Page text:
App Store - Key Is Creating An Ecosystem

I came across the post from Mobile Opportunity about creating an ecosystem for an app store.

It's a great article that is geared towards developers.  I encourage all mobile warriors head over and read it as well as it applies to folks who will likely be picking a smartphone or a device with with a dedicated mobile platform this fall or during the Holidays.  It would make sense to understand what Apple, T-Mobile, ATT, or Verizon may be offering and weigh which ecosystem best fits your needs and habits.

Now, I don't consider iPhone a smartphone.  I'm iffy on Android because we don't have it tested and reviewed.  But Blackberries and Nokia's E71 are definitely smartphones.  Basically they are phones that want to do more while the iPhone is essentially an iPod Touch with telephony functions (SMS, voicemails, calls, etc).  It was built by Apple from the ground up to be a true mobile platform.  It's a fine line.  I'll get into that later on.

Now, back to platform ecology.  Some are more restrictive than others in terms of flexibility, connectivity, and support.  Users and developers share common objectives when looking for apps and the right ecosystem to buy into.  And of course, there are also differences in what users and developers will look for in a mobile platform.

For developers, you have some things to consider:

  • Creative freedom.  Android seems to be the most open but we don't know that for sure.  iPhone, because of security and maybe just Jobs' desire for control, is consider restrictive but for most developers and users, it's not an issue.
  • Reach.  The more platforms supported the better for the developers to 
  • Support.  You'll have to see how responsive the app store provider is to your inquiries, needs, and support.  Apple is so far very notorious in keeping folks in the dark with their still active NDA.  It's so bad that developers have to figure out creative ways to communicate with one another.  Others have promised to be more open but so far, there is no one for us to compare Apple's store to.  But definitely worth keeping in mind.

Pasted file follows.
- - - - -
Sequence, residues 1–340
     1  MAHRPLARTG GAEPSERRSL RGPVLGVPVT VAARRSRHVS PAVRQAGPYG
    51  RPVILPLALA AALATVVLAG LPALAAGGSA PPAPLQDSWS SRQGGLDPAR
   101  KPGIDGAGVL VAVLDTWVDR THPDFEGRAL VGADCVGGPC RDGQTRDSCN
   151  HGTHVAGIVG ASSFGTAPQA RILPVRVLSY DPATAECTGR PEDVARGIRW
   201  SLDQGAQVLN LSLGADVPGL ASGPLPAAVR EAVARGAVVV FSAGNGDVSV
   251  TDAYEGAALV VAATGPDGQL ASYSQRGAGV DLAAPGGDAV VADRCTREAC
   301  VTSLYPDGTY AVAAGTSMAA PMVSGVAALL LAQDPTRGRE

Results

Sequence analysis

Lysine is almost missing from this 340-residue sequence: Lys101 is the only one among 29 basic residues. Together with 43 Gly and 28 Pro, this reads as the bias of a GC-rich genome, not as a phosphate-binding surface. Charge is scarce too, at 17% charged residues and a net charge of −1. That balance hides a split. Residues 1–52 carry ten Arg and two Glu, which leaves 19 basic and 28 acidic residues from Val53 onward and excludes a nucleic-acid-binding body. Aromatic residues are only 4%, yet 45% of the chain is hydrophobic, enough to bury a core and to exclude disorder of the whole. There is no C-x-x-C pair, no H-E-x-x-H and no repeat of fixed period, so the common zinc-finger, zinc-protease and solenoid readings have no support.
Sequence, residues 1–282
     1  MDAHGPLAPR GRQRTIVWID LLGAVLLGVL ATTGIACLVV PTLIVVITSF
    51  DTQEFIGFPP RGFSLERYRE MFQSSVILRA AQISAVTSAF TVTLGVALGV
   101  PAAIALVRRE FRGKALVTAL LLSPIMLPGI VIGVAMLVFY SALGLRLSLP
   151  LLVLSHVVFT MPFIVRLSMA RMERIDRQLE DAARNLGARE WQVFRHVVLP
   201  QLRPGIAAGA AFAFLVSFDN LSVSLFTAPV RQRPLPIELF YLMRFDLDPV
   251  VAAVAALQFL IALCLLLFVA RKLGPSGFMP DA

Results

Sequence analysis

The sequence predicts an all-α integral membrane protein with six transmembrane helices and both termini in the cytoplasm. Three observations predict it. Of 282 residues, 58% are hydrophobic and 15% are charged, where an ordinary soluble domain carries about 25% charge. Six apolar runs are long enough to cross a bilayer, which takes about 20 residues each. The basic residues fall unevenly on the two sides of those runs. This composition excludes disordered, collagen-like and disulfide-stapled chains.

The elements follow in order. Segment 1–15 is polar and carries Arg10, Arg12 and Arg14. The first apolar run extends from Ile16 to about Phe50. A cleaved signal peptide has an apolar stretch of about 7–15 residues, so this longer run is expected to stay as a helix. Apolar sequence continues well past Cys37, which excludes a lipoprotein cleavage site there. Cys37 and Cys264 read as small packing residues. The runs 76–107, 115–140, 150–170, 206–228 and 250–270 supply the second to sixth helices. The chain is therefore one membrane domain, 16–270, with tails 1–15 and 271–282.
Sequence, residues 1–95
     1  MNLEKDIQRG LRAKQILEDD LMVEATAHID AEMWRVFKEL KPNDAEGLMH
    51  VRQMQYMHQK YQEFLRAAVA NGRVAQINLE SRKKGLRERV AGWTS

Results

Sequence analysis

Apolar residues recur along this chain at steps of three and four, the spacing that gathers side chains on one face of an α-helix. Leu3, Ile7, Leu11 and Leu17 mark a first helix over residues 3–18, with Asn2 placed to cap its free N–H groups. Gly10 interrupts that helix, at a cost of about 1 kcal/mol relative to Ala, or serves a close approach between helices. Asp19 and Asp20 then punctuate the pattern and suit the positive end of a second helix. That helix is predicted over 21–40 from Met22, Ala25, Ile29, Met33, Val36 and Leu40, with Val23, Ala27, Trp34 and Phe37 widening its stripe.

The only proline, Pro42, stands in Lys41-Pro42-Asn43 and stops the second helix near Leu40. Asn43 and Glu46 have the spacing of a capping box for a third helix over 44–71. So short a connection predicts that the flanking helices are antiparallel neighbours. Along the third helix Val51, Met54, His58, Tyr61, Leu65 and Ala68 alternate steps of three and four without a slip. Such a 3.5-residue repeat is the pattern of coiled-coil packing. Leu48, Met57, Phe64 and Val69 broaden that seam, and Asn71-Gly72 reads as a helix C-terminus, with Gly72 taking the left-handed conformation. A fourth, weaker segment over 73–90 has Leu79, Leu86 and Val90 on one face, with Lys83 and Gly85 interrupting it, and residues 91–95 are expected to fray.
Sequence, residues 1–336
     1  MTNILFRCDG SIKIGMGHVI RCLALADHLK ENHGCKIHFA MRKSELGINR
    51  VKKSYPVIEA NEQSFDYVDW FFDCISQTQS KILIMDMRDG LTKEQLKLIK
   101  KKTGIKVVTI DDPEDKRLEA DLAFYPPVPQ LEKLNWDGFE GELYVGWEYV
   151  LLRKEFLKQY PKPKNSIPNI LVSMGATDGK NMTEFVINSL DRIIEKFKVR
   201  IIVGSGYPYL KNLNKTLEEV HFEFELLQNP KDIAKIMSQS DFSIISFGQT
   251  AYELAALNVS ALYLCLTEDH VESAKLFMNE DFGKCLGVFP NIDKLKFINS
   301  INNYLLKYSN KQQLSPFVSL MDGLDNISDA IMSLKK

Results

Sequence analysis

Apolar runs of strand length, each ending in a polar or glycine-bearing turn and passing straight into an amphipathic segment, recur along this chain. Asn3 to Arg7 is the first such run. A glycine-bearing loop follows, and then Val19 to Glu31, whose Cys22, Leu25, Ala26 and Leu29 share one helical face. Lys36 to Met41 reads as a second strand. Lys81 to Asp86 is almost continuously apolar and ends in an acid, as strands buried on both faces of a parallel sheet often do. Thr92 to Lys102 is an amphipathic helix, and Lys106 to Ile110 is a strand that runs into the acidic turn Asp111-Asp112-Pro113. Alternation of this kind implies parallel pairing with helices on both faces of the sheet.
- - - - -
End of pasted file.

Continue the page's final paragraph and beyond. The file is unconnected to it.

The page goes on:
• Keep in mind that there may be a reason we have not think of regarding Apple's NDA implementation and other restrictions imposed on developers.  The general consensus from developers is that they are happy with sales and the growing number of iPhone and iPod Touch users.  
  • SDK - something to consider.  Who makes it easy to develop, distribute, and reach users.  
  • Standard support - MO mentioned Java and Flash.  For instance, if these two standards are important to your development, Apple's mobile platform is not for you.
  • Cloud, cloud, cloud.  This is the future.  I'm betting Android will have the full support of Google's cloud and computing systems.  Apple has demonstrated that it has a way to go before coming close to what Google can offer.  Microsoft is also in the game with their Live.com platform but we have not seen what they will roll out.
  • User base.  This is not about numbers.  Obviously the more platform you support, the greater the reach.  But what if you have limited resources?  Well, you'll need to do a bit more research.  You have to learn a bit about the different systems and learn the mobile behaviors of its users.  Say a year from now, Nokia has one billion users worldwide and Apple has 100 million iPhone and iPod users but Apple's users are buying and using apps are a rate of twenty to one versus Nokia, it's clear who you want to develop for.  
Now, users have more flexibility when looking for a smartphone.  The best thing is to do very thorough research.  Some app distribution systems will be more business-oriented than Apple's iTunes.  You can't go wrong with Apple and iTunes if you want entertainment like music, video, and, now, games.  And with the business add-on like Micrsoft Activesync for push mail, the iPhone is a provides a good balance for work and fun.
On the other extreme, you have Blackberries that has been tested time and time again for great corporate e-mail access.  RIM has announced their intentions to create an app store for Blackberry but we'll get into that when it's actually out.  
And lastly, mobile users will have to decide on a good balance of easy access, quality apps, and for the right price.  Piece of cake.  
Related Articles:
  • Onxo thinks there may be a good reason for Apple to continue enforcing their NDA.
  • Onxo talks about Skymarket for Windows Mobile.
  • Mobile Opportunity analyzes app store ecosystem.
  • Onxo wonders if iPhone or iPod Touch will ruin mobile gaming.
  • We think T-Mobile should be careful with their own app store.

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